Use the proxy API to register an extended Proxy Auto-Configuration (PAC) file, which implements a policy for proxying web requests. This implementation deviates from standard PAC design in several ways because the de-facto specification for PAC files hasn't changed since its initial implementation circa 1995. There is no standards body maintaining the specification.

Note that Google Chrome provides an extension API also called "proxy" which is functionally similar to this API, in that extensions can use it to implement a proxying policy. However, the design of the Chrome API is completely different to this API. With Chrome's API an extension can register a PAC file, but can also define explicit proxying rules. Since this is also possible using the extended PAC files, this API only supports the PAC file approach. Because this API is incompatible with the Chrome proxy API, this API is only available through the browser namespace.

To use this API you need to have the "proxy" permission.

Communicating with PAC files

You can exchange messages between the PAC file and your extension's background page (or any other privileged pages, like popup pages) using runtime.sendMessage() and runtime.onMessage.

To send a message to the PAC file, you must set the toProxyScript option:

// background.js

// Log any messages from the proxy.
browser.runtime.onMessage.addListener((message, sender) => {
  if (sender.url === browser.extension.getURL(proxyScriptURL)) {
    console.log(message);
  }
});

let messageToProxy = {
  enabled: true,
  foo: "A string",
  bar: 1234
};

browser.runtime.sendMessage(messageToProxy, {toProxyScript: true});
// pac.js

browser.runtime.onMessage.addListener((message) => {
  if (message.enabled) {
    browser.runtime.sendMessage("I'm enabled!");
  }
});

PAC file specification

The basic PAC file syntax is described in the PAC documentation, but the implementation used by the proxy API differs from standard PAC design in several ways, which are described in this section.

FindProxyForURL() return value

The standard FindProxyForURL() returns a string. In Firefox 55 and 56, the PAC file used with the proxy API also returns a string. In Firefox 55 only, you must pass an argument to the "DIRECT" return value, even though it doesn't need an argument.

From Firefox 57 onwards, FindProxyForURL() may still return a string, but may alternatively (and preferably) return an array of objects. Each object has the following properties:

type
String. This must be one of: "http"|"https|"socks4"|"socks"|"direct". "socks" refers to the SOCKS5 protocol.
host
String. Hostname for the proxy to use.
port
String. Port for the proxy.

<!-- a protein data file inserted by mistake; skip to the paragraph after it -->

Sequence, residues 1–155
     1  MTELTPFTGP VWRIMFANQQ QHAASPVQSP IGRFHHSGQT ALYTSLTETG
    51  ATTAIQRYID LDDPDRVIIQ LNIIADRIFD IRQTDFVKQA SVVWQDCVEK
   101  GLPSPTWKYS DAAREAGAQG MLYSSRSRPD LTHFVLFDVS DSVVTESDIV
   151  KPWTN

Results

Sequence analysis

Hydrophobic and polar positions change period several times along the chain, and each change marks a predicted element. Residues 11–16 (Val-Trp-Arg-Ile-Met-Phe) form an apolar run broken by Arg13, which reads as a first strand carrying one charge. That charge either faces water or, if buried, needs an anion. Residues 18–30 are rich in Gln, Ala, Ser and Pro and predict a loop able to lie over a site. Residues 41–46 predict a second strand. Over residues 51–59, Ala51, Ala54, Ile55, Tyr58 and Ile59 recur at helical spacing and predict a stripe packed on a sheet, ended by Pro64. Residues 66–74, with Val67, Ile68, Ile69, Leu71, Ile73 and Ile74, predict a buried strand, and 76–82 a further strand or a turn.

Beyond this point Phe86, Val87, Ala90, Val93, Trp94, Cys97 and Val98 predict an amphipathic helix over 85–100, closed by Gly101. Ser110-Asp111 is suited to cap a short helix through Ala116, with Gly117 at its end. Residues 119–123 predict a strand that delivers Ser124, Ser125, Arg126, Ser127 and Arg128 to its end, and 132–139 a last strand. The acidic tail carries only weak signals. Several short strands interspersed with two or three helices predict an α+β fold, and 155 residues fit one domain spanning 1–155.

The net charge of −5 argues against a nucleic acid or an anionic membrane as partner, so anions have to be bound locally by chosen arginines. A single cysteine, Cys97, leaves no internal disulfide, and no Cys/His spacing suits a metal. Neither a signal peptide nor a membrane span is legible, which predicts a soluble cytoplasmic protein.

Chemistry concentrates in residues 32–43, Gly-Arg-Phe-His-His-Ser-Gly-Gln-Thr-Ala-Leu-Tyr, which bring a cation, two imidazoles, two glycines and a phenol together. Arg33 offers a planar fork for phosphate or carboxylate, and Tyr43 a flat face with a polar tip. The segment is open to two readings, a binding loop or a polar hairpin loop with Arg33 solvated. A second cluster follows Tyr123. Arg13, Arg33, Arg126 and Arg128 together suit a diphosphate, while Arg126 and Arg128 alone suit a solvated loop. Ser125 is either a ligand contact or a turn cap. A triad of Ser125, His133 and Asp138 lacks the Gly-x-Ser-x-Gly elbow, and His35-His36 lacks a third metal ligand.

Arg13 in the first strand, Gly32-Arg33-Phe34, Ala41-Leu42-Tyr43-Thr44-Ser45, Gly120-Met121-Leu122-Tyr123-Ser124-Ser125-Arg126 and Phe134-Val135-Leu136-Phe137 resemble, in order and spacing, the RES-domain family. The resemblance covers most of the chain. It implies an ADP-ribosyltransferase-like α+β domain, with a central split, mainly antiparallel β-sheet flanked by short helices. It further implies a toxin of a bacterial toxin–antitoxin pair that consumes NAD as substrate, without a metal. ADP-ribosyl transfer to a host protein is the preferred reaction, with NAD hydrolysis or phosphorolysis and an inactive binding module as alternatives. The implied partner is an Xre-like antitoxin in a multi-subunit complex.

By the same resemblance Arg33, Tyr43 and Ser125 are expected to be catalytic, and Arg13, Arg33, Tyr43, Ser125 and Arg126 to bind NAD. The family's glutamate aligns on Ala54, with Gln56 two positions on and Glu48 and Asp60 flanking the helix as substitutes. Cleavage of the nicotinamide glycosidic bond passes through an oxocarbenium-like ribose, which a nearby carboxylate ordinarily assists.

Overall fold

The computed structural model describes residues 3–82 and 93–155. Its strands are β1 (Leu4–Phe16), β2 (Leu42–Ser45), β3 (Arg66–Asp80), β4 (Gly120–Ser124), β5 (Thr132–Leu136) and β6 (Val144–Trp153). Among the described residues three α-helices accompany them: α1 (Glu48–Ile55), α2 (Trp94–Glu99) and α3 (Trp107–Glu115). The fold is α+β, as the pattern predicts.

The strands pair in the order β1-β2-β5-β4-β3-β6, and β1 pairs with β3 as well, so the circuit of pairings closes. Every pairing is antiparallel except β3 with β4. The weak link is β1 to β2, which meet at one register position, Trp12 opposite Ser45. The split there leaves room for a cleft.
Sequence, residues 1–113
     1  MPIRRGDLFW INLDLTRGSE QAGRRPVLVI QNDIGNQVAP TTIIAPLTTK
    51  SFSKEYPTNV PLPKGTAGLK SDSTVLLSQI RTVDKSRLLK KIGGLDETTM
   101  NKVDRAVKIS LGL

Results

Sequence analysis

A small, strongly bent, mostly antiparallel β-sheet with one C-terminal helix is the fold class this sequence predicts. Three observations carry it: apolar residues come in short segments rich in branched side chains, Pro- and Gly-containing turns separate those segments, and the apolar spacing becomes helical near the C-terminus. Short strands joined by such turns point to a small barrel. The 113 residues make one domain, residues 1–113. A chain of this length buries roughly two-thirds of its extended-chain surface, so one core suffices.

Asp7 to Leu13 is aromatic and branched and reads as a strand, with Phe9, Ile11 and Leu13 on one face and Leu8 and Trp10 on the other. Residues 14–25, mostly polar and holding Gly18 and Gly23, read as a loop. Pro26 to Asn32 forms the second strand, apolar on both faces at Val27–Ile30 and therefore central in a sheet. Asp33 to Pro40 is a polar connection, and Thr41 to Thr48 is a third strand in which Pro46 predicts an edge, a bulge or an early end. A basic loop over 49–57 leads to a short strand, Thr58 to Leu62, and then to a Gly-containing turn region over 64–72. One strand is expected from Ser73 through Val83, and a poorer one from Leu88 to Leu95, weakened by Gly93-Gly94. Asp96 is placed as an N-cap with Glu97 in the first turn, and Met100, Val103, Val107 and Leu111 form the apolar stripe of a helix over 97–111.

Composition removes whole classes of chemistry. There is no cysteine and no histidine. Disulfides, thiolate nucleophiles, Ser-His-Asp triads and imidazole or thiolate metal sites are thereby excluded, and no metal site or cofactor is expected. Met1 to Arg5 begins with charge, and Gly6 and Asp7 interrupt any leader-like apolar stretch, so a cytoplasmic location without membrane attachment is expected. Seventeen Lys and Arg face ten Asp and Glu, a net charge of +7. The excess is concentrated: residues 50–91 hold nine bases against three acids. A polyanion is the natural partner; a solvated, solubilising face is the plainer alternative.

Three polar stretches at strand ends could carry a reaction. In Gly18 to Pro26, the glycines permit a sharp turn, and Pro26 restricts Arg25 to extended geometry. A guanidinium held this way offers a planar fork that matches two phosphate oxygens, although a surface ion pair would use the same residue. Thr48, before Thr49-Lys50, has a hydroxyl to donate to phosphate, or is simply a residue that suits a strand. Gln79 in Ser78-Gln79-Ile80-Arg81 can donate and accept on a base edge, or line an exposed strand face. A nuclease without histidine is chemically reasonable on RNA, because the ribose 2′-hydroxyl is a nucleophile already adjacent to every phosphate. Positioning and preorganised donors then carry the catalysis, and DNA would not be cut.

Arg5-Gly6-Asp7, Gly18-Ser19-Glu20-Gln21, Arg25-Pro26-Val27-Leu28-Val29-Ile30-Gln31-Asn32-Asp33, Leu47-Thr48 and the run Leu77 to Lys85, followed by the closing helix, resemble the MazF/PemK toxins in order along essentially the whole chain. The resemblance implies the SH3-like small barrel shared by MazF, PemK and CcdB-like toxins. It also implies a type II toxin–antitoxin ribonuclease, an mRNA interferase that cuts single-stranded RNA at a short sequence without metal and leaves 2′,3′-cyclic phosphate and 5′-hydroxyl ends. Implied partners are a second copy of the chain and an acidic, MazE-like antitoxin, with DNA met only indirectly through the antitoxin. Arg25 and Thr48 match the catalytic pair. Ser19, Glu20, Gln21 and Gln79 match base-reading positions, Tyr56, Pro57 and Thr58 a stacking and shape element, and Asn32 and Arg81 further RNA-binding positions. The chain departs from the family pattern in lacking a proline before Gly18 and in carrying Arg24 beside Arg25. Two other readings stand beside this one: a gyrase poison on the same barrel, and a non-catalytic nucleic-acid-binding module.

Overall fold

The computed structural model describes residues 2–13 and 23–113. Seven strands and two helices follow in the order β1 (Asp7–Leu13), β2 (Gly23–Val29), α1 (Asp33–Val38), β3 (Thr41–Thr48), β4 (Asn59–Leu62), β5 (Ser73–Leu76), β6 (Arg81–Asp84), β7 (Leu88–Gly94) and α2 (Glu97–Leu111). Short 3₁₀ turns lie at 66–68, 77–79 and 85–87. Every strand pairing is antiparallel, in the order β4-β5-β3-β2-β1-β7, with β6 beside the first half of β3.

username Optional
String. Username for the proxy. This is usable with "socks". For HTTP proxy authorizations, use webRequest.onAuthRequired.
password Optional
String. Password for the proxy. This is usable with "socks". For HTTP proxy authorizations, use webRequest.onAuthRequired.
proxyDNS Optional
Boolean. If true, the proxy server is used to resolve certain DNS queries (only usable with "socks4" and "socks"). Defaults to false.
failoverTimeout Optional
Integer. Number of seconds before timing out and trying the next proxy in the array. Defaults to 1.

For example:

const proxySpecification = [
  {
    type: "socks",
    host: "foo.com",
    port: 1080,
    proxyDNS: true,
    failoverTimeout: 5
  },
  {
    type: "socks",
    host: "bar.com",
    port: 1060,
  }
];

The first proxy in the array will be tried first. If it does not respond in failoverTimeout seconds, the next will be tried, until the end of the array is reached.

PAC file environment

The global helper functions usually available for PAC files (isPlainHostName(), dnsDomainIs(), and so on) are not available.

Code running in the PAC file does not get access to:

//  pac.js

// send the log message to the background script
browser.runtime.sendMessage(`Proxy-blocker: blocked ${url}`);
// background-script.js

function handleMessage(message, sender) {
  // only handle messages from the proxy script
  if (sender.url != browser.extension.getURL(proxyScriptURL)) {
    return;
  }
  console.log(message);
}

browser.runtime.onMessage.addListener(handleMessage);

Functions

proxy.register()
Registers the given proxy script.
proxy.unregister()
Unregisters the proxy script.

Events

proxy.onProxyError
Fired when the system encounters an error running the proxy script.

Browser compatibility

ChromeEdgeFirefoxFirefox for AndroidOpera
onProxyError No No5555 No
register No No

56

55 *

55 No
unregister No No5656 No

Example extensions

Acknowledgements

Microsoft Edge compatibility data is supplied by Microsoft Corporation and is included here under the Creative Commons Attribution 3.0 United States License.

Document Tags and Contributors

 Contributors to this page: ericjung, vorwrath, wbamberg, yfdyh000, andrewtruongmoz, mwein
 Last updated by: ericjung,